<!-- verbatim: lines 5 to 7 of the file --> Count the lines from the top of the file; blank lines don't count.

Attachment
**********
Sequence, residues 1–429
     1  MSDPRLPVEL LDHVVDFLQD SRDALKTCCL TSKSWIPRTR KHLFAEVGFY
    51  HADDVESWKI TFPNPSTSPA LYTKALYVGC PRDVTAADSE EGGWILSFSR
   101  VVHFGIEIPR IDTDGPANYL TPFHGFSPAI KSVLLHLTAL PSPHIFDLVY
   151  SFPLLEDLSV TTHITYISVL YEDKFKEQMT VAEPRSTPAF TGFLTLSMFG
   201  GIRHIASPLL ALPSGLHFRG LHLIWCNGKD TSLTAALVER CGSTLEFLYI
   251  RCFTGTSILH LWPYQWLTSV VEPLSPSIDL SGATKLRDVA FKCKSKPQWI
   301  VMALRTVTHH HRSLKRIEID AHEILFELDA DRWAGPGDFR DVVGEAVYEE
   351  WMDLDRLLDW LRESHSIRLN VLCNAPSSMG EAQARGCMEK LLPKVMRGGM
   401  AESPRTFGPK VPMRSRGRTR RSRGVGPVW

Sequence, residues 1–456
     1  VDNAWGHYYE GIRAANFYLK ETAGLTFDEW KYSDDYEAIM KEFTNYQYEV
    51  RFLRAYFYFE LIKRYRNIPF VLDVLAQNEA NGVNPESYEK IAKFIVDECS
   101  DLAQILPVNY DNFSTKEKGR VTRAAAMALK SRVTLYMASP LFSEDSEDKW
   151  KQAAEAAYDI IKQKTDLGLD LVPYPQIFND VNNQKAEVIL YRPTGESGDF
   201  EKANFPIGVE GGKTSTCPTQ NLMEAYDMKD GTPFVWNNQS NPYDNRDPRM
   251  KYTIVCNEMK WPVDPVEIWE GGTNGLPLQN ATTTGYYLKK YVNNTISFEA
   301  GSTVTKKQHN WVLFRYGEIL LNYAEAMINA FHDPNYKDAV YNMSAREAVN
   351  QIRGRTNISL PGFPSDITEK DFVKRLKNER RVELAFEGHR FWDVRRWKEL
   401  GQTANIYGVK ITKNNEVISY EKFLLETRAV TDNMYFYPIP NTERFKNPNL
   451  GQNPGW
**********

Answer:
   151  SFPLLEDLSV TTHITYISVL YEDKFKEQMT VAEPRSTPAF TGFLTLSMFG
   201  GIRHIASPLL ALPSGLHFRG LHLIWCNGKD TSLTAALVER CGSTLEFLYI
   251  RCFTGTSILH LWPYQWLTSV VEPLSPSIDL SGATKLRDVA FKCKSKPQWI